The Lupus Foundation of America, Florida Chapter's (LFAFL) Ambassador Program's mission is to raise awareness of lupus by sharing personal stories and information about lupus and LFAFL to targeted audiences, contributing to earlier diagnosis, proper treatment, and improved prognosis for those affected by this disease. Ambassadors also increase awareness about the programs and services of the LFAFL and enable us to better serve the estimated 100,000 Florida residents living with lupus and those that care about them.
Born and raised in El Paso as a Bordertown Latinx, I have dedicated my life to empowering and advocating for the rights of marginalized and diverse communities. In May 2018, just months before I was to start my final year at the University of Miami School of Law, I was diagnosed with Lupus SLE. Despite battling the cruel mystery, I have since graduated and passed the Bar exam. I want to advocate for those in the lupus community who need it the most. In so doing, I hope to empower each Lupus Warrior and their supporters to find their own voices while advocating for their healthcare needs in every aspect of their life, whether it be with healthcare providers, at school, or in the workplace.
10 years ago I was diagnosed with Lupus and had no idea it would mean sitting in a chair every month with an I.V. in my arm, countless tests, and doctor appointments. I want to be a part of discovering a cure for Lupus. I don’t want to sit on the sidelines watching what is happening. I’d rather be a part of the solution and work to help advocate for myself and the 100,000 Floridians that suffer with this cruel disease. I’ve learned to be an advocate for my own healthcare with my team of doctors. I’m constantly talking about Lupus and letting people know what it is and about the wonderful progress we’re making in the fight against Lupus. I dream that one day, there will be a cure for this mysterious disease that affects so many people and until then I want to help spread awareness, understanding and help others navigate this disease. Lastly, I want to advocate for African Americans to participate in clinical trials because there is not enough of us willing to participate but we need to be a part of finding a cure.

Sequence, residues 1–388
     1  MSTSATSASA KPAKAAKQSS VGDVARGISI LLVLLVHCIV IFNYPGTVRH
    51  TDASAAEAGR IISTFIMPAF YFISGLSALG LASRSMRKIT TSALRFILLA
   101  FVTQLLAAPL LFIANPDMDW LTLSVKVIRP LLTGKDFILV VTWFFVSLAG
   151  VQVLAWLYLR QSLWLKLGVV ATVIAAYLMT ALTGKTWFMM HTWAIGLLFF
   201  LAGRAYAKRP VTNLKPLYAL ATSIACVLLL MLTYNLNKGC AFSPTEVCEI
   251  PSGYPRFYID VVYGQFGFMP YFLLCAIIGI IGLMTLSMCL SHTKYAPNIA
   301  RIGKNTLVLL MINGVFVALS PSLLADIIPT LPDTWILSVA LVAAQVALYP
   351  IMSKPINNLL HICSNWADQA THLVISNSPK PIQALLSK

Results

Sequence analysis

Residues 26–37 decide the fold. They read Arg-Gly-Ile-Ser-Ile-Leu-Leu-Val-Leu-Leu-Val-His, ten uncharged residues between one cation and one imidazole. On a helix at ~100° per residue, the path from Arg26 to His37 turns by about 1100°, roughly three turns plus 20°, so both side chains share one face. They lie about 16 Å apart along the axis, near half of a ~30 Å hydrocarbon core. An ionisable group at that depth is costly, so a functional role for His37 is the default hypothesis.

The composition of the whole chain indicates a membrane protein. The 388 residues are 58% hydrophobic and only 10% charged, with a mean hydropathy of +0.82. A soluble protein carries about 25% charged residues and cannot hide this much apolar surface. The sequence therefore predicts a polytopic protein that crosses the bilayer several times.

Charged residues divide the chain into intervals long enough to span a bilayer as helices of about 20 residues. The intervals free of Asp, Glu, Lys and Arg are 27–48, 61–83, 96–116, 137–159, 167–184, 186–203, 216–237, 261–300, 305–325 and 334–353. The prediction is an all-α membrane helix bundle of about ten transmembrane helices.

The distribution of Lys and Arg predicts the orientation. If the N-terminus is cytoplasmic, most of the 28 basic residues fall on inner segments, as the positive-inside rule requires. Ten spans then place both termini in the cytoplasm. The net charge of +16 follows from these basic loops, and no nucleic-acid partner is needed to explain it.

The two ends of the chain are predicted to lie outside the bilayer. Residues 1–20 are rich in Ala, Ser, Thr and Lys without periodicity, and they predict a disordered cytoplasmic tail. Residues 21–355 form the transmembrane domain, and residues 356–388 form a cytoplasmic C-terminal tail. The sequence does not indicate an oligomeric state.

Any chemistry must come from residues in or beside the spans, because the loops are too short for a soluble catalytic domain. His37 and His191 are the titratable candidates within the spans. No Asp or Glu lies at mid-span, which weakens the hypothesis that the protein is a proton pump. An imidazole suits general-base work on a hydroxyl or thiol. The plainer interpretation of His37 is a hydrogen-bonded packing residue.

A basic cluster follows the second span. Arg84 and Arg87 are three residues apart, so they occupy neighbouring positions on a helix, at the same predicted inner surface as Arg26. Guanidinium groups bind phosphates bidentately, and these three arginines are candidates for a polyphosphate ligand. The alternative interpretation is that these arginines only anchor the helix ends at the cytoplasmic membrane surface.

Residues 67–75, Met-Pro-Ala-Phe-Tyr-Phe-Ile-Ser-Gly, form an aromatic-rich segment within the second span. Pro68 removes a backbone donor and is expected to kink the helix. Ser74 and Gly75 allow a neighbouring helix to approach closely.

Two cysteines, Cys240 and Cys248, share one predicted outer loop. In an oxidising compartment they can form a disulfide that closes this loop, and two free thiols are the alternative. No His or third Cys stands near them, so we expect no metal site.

I am a marketing, advertising manager & entrepreneur executive with over 28 years of experience, specializing in the US Hispanic market. I am on the Advisory Board for Florida State University, Center for Hispanic Communications and serve as mentor for students at the university. My mother is a lupus patient and I just discovered I have a positive ANA. I'm always talking to people about lupus. So many Hispanics are not aware of this disease, even though it effects women of color more frequently, because nobody is reaching out enough in Spanish. I'm a communicator and I feel that the best way to reach out is in our language. I'm fully bilingual and I think I can help so many like my mom that have this disease.
I am an EMT at our level 2 trauma center in Tallahassee and a recent grad from Florida State University. I have been a lupus awareness supporter since my mom was diagnosed when I was in high school. I plan to continue my journey as an ambassador during my years in medical school and as a physician. With my mom in mind, I founded the first college campus lupus club called kNOw LUPUS at FSU. This club educates students about lupus while creating a safe place for those who are battling it. I am not done fighting for a cure.